What proceeds is my speech I wrote for commencement, and while I wasn’t selected to speak, I still wanted to share what I wrote, because I believe it’s important for everyone to hear. With high school graduation in a week (no, it hasn’t hit me yet), I’m counting down the days and learning how to cherish the people around me just a little bit more.
You are bound to fail.
Honestly. If no one in this graduating class fails, I will gladly take my words back. But this class is full of people who are constantly raising the bar. When we continually push ourselves more and more and more, with the weight of the world’s expectations on our back, we have to fail! And, when we do fail, when we carry that sickening test grade or rejection letter with a heavy heart, we are allowed to mope. Give yourself time to reflect. Because out of every failure, comes a new idea.
In the book Think Big, Gil Atkinson asserts, “Form the habit of saying “yes” to a good idea. Then list all the reasons why it will work. There will always be plenty of people to tell you why it won’t work.” Yes, there will be numerous failures, but out of those miniscule failures come success. Take your failures with a grain of salt, and let your failures push you to work even harder. Take what you have that is good and make it great. Every single person in this room has doubted themselves at one point, and look what’s come of it—we have over 450 high school graduates ready to accept their diplomas. You have to believe in yourself, convince yourself that what you have is a fantastic idea. Put that idea to work. Pay no attention to the people who doubt you, who tell you you’re not enough. Expect to be criticized. After I walk off this stage, people will comment that my speech was too long and full of clichés, because it is human nature to criticize. Yet, what is the most important critique? Your own. Listen to your professor and adjust; listen to your parents and adjust, listen to your boss, whoever is your superior, and adjust. But, listen to yourself and grow. Build on your failures.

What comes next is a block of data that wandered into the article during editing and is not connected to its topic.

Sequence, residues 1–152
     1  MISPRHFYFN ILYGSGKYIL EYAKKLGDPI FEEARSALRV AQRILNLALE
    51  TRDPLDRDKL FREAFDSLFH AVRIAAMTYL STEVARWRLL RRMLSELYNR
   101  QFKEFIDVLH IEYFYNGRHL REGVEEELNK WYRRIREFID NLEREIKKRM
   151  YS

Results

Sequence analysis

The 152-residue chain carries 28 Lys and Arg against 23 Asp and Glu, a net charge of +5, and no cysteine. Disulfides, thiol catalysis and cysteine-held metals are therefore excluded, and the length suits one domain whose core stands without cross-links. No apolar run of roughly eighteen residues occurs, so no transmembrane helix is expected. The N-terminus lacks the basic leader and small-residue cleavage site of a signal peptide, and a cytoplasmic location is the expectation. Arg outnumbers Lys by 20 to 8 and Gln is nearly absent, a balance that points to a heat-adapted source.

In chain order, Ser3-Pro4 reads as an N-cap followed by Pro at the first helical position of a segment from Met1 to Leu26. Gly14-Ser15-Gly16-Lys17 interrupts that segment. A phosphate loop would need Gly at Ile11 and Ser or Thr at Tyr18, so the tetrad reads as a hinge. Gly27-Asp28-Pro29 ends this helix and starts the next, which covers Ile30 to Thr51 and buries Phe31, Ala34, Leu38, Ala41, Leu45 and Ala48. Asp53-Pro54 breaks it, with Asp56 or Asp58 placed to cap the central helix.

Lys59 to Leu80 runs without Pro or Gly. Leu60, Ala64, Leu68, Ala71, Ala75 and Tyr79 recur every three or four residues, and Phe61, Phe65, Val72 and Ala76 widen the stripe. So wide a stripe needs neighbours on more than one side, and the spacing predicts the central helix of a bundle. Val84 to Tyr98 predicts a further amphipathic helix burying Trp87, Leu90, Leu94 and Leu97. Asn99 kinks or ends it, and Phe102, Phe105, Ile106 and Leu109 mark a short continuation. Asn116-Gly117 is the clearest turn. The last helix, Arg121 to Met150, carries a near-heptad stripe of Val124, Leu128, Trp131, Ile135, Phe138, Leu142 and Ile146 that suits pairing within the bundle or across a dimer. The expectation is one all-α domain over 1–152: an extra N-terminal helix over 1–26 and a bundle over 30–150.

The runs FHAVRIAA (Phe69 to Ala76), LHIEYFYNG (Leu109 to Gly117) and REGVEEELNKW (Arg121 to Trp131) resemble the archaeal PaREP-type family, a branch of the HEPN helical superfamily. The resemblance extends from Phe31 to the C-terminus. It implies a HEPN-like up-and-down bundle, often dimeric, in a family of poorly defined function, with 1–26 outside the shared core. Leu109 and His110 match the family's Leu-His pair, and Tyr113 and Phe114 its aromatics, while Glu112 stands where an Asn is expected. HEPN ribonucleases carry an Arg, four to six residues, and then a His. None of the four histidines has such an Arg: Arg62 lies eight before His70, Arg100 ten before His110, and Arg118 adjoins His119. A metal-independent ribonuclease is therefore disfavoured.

The most important piece of advice that I have been told to carry near to my heart as I go into college is to stay true to myself. Then why is it that our apparel for graduation are loose-fitting, one-size-fits-all gowns that make us all replicas of each other? Edward Young, an author, once asked the very question that should be asked of all high school graduates: “We are all born originals—why is it so many of us die copies?” You are the only you who exists; while you are unique, you still have to work to become someone. When I was younger, I used to imagine that someone would come into my life like a plot from a movie and change my life forever. It never occurred to me until recently that the person who can change my life is none other than me, myself, and I. Until I make something out of myself, and you make something of yourself, we are still a possibility. We will be “What ifs?” until we become a someone who is.
So, go out into this world and fail. Fail, fail again and take that tiny piece of success that seems like nothing. Push that success into your greatest achievement and take pride in what you’ve accomplished. Take action. As Catherine Ponder wisely asserts in the book Think Big, “It’s amazing how fast doors open to us when we dare to take control.”